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Brown envelope journalism blights African media

Friday, 11 January 2013 15:37 GMT

Many journalists accept bribes in Tanzania. The practice coupled with the threat of government censorship harms the development of healthy society

DAR ES SALAAM - All too frequently, journalists in Africa are paid by their news sources, particularly politicians, who want to influence how they handle the news. Called brown envelope journalism, it has become a common occurrence in many countries, compromising reporters and editors and undermining the independence of the media. 

Some journalists loudly defend the practice on the grounds that media owners exploit them by offering meagre salaries and poor working conditions. They say it covers their costs because media managers do not reimburse them for work-related expenses such as the cost of travel to news assignments and mobile phones for filing stories.

But media ethicists and watchdog organisations strongly denounce the brown envelope practice as a form of corruption. They say accepting gifts is likely to influence journalists and impair their ability to cover news.

In Tanzania, where I work, several surveys in recent years have established that the majority of journalists here do pocket money and other gifts offered by sources.

According to the Media Council of Tanzania (MCT), a non-statutory watchdog organisation, over 60 percent of journalists in Tanzania are freelance, and therefore more susceptible to bribe taking. MCT says media owners avoid offering permanent employment to minimise costs. But even where journalists are employed, the low salaries encourage them to top up with brown envelopes.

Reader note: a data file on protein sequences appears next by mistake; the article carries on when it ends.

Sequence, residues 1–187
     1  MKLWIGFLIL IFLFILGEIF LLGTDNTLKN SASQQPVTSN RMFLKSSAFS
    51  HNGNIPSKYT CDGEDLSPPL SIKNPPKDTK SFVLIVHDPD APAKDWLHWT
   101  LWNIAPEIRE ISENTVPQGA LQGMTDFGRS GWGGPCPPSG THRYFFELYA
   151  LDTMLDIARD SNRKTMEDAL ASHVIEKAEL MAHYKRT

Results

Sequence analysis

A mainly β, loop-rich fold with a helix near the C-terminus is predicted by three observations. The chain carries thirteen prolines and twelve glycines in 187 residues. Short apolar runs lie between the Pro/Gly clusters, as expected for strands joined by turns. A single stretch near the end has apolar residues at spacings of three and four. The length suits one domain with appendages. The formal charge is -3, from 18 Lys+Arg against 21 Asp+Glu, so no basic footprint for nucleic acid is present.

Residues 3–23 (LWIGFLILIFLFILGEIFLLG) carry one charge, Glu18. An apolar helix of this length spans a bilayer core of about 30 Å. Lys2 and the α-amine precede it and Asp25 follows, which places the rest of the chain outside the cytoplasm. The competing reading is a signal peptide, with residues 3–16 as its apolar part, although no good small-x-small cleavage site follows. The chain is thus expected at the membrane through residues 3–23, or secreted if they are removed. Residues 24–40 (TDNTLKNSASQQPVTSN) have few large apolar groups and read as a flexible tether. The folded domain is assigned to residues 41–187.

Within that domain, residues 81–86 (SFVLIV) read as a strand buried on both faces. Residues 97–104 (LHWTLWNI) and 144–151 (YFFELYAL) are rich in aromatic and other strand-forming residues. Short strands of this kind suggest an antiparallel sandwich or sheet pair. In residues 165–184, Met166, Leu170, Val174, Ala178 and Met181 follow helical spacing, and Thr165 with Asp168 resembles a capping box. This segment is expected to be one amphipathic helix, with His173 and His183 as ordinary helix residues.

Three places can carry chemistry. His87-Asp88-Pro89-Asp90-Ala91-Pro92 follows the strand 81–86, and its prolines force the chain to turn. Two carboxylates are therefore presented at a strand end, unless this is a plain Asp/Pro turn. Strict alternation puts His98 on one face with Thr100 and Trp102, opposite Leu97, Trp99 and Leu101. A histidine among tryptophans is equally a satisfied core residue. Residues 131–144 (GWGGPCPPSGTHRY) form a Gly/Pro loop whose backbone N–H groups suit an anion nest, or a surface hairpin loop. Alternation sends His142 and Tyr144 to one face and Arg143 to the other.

Baseline Survey on Freelance Journalists in Tanzania carried out in 2010 shows freelance income is below the national average monthly income, which is 125,000 shillings ($80). A freelance article earns between $1.94 and $3.20. Overall, pay in professions such as medicine, law and engineering is five times higher than in journalism.

In Tanzania, journalists are often paid what is known in the national language of Kiswahili as "mshiko", or a sitting allowance, for attending certain press conferences on the understanding they write something favourable.

It is not just Tanzania. Experts in mass communications say media corruption has become a common phenomenon throughout Africa. The practice of giving bribes to journalists even has its own name in some countries - "soli" in Ghana and "gombo" in Cameroon.


Professor Terje Skjerdal at Addis Ababa University, who has researched the subject in Tanzania, says brown envelopes are concealed as per diem expenses or travel money, but in fact they include a surplus rate, which the reporter can pocket for his personal use. In his study Brown Envelope Journalism, 63 percent of journalists admitted taking bribes in the form of brown envelopes.

Skjerdal says the practice “denotes an informal contract between the source and the reporter whereby both parties have certain obligations”. The envelope is intended to influence the journalist’s decisions about how to cover the news, but its impact can be wider.